CAMDEN, N.J. – Across the river from Philadelphia sits the nearly 200-year-old city of Camden, New Jersey, at one time called “the most dangerous city in America.”
“This city has been riddled with drugs,” said resident Mark Hansen.
About 74,000 people live there. Seven years ago, amid a budget crisis and a spiking murder rate, the mayor and police chief, as well as local and state lawmakers and then-Governor Chris Christie, among others, joined together and disbanded the city’s police department.
“We had 67 murders in 2012, which put the murder rate higher than some third world nations. So, a change had to come,” said Louis Cappelli, Jr., Camden County’s freeholder director, which is a job similar to a county commissioner.
It’s a position Cappelli also held when the city police department ceased to exist and was replaced with a brand-new county police department.
“We started with two main objectives,” Cappelli said. “Number one was to reduce the number of crime victims and number two is to make the residents of the city feel safe.”
So, what happened to the city police officers? With the union dismantled, all of them -- from the chief on down -- had to reapply for their positions with the Camden County Police Department (CCPD).
Not everyone got their job back, but Capt. Zsakhiem James did.
“Couldn't see myself being a cop anywhere else,” he said. “This is my home.”
However, the policing Capt. James knew then underwent a complete change. All the officers went through new training – focusing foremost on community policing and de-escalation, where the use of force becomes a last resort.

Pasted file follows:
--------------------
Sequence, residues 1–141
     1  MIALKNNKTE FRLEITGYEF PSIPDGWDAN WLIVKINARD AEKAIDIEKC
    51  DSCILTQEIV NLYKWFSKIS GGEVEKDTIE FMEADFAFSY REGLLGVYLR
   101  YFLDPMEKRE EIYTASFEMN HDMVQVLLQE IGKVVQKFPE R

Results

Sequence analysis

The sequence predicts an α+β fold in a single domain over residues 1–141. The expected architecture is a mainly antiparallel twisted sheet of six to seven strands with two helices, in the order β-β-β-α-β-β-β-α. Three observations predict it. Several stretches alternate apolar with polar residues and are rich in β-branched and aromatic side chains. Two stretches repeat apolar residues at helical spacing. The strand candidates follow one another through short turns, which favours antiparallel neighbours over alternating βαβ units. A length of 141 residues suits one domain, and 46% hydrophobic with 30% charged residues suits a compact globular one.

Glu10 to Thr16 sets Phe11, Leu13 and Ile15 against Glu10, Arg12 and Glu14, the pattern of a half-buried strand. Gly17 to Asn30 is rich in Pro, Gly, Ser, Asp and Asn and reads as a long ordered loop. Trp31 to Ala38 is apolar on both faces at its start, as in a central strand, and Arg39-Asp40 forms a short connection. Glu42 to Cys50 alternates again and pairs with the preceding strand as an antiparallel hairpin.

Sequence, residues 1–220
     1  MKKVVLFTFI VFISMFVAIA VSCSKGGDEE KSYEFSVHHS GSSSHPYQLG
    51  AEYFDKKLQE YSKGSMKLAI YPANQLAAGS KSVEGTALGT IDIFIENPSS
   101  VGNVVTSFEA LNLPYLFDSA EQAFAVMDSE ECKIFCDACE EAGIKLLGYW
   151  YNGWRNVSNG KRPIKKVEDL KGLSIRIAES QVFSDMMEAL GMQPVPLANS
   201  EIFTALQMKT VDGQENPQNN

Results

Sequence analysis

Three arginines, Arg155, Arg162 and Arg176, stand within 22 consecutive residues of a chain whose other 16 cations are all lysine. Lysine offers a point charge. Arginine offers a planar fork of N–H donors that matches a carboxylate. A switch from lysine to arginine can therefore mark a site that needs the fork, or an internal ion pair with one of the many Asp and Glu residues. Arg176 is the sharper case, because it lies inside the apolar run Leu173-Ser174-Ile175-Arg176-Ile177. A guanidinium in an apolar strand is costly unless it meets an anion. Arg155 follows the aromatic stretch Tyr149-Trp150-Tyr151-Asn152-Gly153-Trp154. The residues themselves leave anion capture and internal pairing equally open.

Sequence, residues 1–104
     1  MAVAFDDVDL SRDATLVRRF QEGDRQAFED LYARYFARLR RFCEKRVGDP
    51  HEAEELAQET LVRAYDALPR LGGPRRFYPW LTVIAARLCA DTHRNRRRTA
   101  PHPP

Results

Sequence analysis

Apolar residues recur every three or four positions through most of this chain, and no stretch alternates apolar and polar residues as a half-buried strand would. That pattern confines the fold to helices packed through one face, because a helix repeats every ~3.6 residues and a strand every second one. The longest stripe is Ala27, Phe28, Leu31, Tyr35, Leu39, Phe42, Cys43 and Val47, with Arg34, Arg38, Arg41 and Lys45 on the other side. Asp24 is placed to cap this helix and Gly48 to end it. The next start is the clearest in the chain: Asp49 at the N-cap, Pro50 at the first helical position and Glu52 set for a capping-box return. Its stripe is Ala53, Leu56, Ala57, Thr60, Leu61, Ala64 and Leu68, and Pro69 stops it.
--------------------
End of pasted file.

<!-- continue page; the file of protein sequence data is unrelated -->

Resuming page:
“We stress interaction with people on a positive note. We reward that,” Capt. James said. “As opposed to just the traditional rewards for drug and gun arrests and solving violent crimes, we also reward officers for being integral parts of the community.”
In the years since the changes, according to the CCPD, Camden’s crime rate fell. Since 2014, violent crime is down 36% and murders are down a whopping 72%.
Not so fast said Camden County NAACP President Kevin Barfield.
“Crime statistics throughout the state, in the United States, have went down over the years,” Barfield said. “So, can we truly contribute that to policing or a police model?”
He is also concerned that the county police department lacks diversity in the ranks. Minorities make up about half the force and few are part of the higher ranks, in a city where 95% of the residents are either African American or Hispanic.
“The problem is that the police department does not reflect the community that it serves,” Barfield said.
That matters a lot, according to Dr. Nyeema Watson, head of civic engagement at Rutgers University’s Camden campus.
“We still want to see broad swaths of diversity in all ways - because until there is a deep cultural shift, not only in policing but against systematic oppression of blacks, we're still going to have a fear and mistrust of the police,” Dr. Watson said.
County officials say they are working to address that issue but add that the changes in policing in Camden shouldn’t be discounted. As for cities considering revamping their own police departments, each had some advice to offer.
“Give the community the opportunity to vote,” said the NAACP’s Kevin Barfield. “When we change things, we need to make sure that those who are most vulnerable, that we still make sure that they have a voice.”
For freeholder Louis Cappelli, what happened in Camden may not apply everywhere.
“It's not one size fits all,” he said. “What we're doing here works well for us. So, you have to mold it and craft it to the needs and particular circumstances of your city.”
Dr. Nyeema Watson cautions that change takes time and hard work.
“This isn't going to happen overnight,” she said. “So, this is a long haul that communities will really have to engage in.”
All are words born of experience from those who’ve been there.